Keywords: International banking,extensive and intensive margin,productivity pecking order,ordered probit,selection models
    JEL: F3 G21
    Date: 2009
  16. By: Wen-Jen Tsay (Institute of Economics, Academia Sinica, Taipei, Taiwan); Cliff J. Huang (Department of Economics Vanderbilt University); Tsu-Tan Fu (Institute of Economics, Academia Sinica, Taipei, Taiwan); I-Lin Ho (The Institute of Physics Academia Sinica Taipei, Taiwan)
    Abstract: This paper takes issues with the appropriateness of applying the stochastic frontier analysis (SFA) technique to account for environmental effects and statistical noise in the popular three-stage data envelopment analysis (DEA). A correctly specified SFA model with a censored dependent variable and the associated maximum likelihood estimation (MLE) are proposed. The simulations show that the finite sample performance of the proposed MLE of the censored SFA model is very promising. An empirical example of farmers’ credit unions in Taiwan illustrates the comparison between the censored and standard SFA in accounting for environmental effects and statistical noise.
    Keywords: Three-stage data envelopment analysis, stochastic frontier analysis, censored stochastic frontier model
    Date: 2009–03
  17. By: Robert C. Feenstra; Benjamin R. Mandel; Marshall B. Reinsdorf; Matthew J. Slaughter
    Abstract: Since 1995, growth in productivity in the United States appears to have accelerated dramatically. In this paper, we argue that part of this apparent speed-up actually represents gains in the terms of trade and tariff reductions, especially for information-technology products. We demonstrate how unmeasured gains in the terms of trade and declines in tariffs can cause conventionally measured growth in real output and productivity to be overstated. Building on the GDP function approach of Diewert and Morrison, we develop methods for measuring these effects. From 1995 through 2006, the average growth rates of our alternative price indexes for U.S. imports are 1.5% per year lower than the growth rate of price indexes calculated using official methods. Thus properly measured terms-of-trade gain can account for close to 0.2 percentage points per year, or about 20%, of the 1995-2006 apparent increase in productivity growth for the U.S. economy. Bias in the price indexes used to deflate domestic output is a question beyond the scope of this paper, but if upward bias were also present in those indexes, this could offset some of the effects of mismeasurement of gains in terms of trade.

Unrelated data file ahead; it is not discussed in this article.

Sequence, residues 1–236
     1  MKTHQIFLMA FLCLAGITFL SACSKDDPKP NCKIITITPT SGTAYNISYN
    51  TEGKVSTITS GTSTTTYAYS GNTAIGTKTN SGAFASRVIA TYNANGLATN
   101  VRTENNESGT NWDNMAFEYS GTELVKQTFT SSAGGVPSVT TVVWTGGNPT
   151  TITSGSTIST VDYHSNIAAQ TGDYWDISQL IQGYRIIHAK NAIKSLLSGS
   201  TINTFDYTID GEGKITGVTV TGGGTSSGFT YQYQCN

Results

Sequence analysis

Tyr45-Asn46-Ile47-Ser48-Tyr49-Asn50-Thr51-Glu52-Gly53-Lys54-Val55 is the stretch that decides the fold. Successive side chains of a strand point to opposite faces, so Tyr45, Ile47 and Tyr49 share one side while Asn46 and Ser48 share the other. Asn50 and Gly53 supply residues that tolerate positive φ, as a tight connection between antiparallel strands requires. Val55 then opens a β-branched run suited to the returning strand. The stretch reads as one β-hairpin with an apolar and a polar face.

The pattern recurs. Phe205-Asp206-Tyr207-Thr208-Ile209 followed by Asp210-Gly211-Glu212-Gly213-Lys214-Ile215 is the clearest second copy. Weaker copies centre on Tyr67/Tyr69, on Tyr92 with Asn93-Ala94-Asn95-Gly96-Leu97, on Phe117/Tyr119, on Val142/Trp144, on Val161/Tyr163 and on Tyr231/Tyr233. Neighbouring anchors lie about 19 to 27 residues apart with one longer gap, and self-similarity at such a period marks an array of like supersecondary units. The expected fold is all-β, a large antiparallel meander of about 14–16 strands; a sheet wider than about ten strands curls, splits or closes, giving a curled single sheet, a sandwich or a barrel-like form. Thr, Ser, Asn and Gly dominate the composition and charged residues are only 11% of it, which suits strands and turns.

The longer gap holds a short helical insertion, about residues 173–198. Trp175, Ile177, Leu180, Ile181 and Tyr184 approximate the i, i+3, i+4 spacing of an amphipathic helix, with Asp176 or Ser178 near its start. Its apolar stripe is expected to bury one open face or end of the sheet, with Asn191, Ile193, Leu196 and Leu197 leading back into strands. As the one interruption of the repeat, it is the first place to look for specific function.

JEL: F43 O47
    Date: 2009–12

General information on the NEP project can be found at For comments please write to the director of NEP, Marco Novarese at <>. Put “NEP” in the subject, otherwise your mail may be rejected.
NEP’s infrastructure is sponsored by the School of Economics and Finance of Massey University in New Zealand.